Skip to main content

Research Gone Wild: Moral Fervor

What does the latest science really have to say about the benefits of breastfeeding?
(Photo: iStockPhoto)

(Photo: iStockPhoto)


In an op-ed for the New York Times, political scientist Courtney Jung railed against the mounting social pressure on new mothers to breastfeed, "even as medical research has begun to report that the effects ... are probably modest." Jung cites "sobering" research from McGill University's Michael Kramer that found breastfeeding doesn’t protect against obesity, asthma, and other illnesses.


The problem is that breastfeeding does protect against infection—a benefit Jung sees as trivial. But that protection likely saves a very non- trivial hundreds of thousands of infants in the developing world each year, according to Kramer. There's also strong evidence that breastfeeding accelerates cognitive development.


The crux of Jung's argument is that breastfeeding advocacy is backed not by science, but "moral fervor"; it should be a choice, she argues, not a moral obligation. But while formula feeding isn't a life or death matter for most, Kramer says, it still belongs in the same category as smoking while pregnant or not using an infant car seat. Women should have total autonomy over their bodies, but Jung withheld important information from them in her own moral fervor.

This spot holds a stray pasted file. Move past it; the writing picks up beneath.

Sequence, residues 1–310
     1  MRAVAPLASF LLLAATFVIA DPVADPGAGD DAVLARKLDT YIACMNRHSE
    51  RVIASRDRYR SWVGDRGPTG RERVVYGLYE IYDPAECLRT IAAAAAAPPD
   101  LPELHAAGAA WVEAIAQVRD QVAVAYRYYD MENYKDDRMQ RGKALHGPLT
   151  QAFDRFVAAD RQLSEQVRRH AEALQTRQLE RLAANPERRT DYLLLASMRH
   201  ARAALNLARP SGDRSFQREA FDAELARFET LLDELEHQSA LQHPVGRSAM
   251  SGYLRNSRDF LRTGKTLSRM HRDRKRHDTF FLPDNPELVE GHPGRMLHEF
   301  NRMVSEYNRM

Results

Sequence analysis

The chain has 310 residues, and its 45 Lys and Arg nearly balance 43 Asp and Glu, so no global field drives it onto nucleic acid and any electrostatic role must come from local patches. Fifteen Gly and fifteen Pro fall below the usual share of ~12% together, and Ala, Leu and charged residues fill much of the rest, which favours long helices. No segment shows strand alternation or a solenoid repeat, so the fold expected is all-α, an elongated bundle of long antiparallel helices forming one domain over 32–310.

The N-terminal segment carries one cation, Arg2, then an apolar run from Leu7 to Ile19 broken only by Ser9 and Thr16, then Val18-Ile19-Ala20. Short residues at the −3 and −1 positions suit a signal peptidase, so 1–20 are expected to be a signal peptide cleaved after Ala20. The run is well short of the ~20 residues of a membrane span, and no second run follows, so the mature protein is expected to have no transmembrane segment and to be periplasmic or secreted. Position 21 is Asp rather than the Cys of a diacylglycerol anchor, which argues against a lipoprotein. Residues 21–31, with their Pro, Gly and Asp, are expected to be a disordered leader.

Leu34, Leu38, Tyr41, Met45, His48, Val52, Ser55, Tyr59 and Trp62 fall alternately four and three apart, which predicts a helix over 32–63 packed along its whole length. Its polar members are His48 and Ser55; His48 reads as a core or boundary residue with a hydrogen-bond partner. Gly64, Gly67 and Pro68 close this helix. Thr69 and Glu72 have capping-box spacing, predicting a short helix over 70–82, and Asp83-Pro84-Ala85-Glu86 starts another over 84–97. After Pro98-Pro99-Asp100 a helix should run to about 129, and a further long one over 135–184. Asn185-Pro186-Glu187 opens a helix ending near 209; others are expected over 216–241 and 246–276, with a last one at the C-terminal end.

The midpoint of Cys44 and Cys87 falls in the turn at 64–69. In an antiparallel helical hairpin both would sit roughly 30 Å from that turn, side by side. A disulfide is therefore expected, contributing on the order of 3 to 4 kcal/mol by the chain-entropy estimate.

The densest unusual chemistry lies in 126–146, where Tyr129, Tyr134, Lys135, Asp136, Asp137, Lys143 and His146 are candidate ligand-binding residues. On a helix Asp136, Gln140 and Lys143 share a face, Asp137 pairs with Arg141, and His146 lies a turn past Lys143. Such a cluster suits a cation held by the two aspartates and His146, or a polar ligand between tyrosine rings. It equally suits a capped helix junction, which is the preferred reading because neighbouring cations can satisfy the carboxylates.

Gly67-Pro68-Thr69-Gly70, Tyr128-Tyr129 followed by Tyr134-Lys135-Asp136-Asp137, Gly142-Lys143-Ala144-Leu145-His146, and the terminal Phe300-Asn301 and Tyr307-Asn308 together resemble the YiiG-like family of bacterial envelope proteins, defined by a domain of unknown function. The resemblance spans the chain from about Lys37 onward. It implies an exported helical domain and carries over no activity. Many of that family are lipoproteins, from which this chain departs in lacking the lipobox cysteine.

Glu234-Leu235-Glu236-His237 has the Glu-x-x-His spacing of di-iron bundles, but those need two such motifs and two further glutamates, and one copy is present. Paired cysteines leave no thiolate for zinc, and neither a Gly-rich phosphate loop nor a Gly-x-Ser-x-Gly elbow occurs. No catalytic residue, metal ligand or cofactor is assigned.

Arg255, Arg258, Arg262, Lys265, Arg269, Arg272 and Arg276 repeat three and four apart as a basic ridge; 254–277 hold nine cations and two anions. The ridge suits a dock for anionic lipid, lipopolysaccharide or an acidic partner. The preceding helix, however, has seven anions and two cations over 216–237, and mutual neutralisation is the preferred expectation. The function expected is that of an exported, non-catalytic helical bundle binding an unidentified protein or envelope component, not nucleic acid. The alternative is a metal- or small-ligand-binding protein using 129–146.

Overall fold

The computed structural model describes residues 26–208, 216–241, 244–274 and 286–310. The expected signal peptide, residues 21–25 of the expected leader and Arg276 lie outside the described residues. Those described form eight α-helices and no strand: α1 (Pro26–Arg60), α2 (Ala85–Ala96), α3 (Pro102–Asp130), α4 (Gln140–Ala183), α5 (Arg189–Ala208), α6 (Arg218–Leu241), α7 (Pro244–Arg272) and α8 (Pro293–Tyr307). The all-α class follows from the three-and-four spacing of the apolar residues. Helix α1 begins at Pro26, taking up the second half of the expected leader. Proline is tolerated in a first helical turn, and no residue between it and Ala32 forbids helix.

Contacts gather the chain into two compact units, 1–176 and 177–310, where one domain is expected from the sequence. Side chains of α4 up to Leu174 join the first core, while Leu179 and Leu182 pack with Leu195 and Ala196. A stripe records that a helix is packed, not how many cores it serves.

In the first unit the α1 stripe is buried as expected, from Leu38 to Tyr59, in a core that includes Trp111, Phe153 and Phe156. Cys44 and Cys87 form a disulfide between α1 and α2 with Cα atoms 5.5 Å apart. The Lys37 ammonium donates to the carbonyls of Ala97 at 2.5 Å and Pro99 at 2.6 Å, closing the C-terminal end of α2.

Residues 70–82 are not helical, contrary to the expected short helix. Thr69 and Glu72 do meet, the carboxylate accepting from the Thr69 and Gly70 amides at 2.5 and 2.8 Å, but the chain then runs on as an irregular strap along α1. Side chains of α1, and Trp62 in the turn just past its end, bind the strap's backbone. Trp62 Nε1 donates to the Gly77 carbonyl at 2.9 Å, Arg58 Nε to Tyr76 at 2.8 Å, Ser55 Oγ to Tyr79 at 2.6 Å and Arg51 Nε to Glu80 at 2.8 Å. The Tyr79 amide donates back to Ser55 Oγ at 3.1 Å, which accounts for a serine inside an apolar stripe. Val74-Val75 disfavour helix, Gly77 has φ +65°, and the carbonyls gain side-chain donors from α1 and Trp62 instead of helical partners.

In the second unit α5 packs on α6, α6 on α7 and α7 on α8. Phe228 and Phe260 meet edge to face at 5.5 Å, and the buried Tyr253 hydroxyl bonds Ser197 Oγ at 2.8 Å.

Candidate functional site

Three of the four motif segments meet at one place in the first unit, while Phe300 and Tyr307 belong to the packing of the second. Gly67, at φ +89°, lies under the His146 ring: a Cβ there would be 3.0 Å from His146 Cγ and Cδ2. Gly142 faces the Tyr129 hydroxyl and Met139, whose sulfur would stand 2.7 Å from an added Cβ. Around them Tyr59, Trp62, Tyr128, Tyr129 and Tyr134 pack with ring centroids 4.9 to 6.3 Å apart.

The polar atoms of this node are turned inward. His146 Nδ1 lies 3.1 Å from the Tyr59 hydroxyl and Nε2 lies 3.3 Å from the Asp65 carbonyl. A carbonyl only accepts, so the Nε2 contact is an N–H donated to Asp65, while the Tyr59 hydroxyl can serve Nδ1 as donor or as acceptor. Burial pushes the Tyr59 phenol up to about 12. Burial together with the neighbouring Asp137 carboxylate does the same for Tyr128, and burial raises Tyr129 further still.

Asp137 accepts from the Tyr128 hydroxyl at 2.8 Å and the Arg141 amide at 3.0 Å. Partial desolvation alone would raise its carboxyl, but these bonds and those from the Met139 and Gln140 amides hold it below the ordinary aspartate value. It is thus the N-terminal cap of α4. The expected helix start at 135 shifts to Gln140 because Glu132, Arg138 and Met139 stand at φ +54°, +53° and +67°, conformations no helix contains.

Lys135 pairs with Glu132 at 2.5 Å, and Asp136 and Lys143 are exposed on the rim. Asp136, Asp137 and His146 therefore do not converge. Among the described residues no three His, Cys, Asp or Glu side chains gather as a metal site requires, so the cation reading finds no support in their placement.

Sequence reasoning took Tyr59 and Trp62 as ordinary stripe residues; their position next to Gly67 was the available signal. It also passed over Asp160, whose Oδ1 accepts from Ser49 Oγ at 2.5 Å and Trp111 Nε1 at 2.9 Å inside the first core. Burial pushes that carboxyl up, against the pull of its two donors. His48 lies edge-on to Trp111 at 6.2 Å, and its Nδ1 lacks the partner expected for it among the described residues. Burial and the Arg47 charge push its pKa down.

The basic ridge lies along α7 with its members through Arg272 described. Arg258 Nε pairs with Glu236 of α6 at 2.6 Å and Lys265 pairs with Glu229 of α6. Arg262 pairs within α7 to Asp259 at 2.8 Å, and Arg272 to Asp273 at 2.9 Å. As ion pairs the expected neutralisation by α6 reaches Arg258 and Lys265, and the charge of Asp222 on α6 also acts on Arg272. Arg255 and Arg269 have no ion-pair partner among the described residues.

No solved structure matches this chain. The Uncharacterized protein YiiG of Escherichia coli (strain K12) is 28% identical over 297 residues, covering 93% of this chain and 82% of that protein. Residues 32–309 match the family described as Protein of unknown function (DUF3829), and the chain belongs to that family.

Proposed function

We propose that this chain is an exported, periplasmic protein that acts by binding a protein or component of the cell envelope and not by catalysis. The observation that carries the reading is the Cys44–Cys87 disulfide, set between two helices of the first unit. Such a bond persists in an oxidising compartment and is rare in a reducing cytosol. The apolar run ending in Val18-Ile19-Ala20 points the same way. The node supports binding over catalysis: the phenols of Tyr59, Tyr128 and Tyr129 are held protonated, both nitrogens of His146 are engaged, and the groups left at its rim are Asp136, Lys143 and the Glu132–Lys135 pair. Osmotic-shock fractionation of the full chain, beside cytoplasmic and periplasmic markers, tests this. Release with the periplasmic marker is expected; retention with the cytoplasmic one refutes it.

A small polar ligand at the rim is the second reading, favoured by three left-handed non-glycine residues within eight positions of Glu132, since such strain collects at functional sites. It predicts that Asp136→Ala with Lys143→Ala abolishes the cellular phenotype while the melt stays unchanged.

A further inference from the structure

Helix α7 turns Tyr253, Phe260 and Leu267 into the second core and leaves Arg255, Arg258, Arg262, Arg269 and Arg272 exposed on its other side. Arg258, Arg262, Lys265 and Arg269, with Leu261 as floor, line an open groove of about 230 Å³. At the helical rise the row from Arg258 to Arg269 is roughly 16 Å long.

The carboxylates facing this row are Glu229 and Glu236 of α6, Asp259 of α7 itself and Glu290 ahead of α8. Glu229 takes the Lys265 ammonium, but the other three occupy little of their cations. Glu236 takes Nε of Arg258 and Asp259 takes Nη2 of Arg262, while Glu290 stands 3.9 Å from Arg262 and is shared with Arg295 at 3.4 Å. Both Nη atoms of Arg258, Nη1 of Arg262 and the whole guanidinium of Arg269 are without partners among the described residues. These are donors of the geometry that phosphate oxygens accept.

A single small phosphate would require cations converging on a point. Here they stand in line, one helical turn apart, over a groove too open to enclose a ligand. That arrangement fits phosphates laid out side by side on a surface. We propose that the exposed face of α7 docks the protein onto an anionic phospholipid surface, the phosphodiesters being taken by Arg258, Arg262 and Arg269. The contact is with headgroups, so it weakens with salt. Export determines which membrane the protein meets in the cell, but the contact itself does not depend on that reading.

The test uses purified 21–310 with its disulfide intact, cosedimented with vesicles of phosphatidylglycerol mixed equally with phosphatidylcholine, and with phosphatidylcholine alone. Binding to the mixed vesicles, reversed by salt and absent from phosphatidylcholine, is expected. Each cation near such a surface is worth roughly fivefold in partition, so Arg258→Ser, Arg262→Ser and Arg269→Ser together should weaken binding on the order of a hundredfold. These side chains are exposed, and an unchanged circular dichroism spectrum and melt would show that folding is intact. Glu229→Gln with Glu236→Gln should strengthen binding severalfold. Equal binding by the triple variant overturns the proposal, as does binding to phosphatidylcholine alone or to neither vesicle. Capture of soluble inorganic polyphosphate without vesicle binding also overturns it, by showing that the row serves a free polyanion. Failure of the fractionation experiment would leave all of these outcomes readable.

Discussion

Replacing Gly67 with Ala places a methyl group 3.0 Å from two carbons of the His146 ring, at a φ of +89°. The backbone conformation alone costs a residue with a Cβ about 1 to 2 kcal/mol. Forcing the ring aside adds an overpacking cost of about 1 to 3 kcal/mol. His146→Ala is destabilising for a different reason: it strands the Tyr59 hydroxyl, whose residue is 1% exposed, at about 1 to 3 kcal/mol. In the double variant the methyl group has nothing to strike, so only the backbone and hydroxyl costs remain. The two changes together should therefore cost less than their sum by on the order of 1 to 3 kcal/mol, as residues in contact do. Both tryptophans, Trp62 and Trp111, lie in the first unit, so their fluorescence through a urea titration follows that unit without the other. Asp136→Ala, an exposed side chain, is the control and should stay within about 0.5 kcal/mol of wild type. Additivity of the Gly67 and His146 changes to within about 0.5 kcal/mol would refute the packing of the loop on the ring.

Submit your response to this story to If you would like us to consider your letter for publication, please include your name, city, and state. Letters may be edited for length and clarity, and may be published in any medium.

For more from Pacific Standard, and to support our work, sign up for our free email newsletter and subscribe to our print magazine, where this piece originally appeared. Digital editions are available in the App Store and on Zinio and other platforms.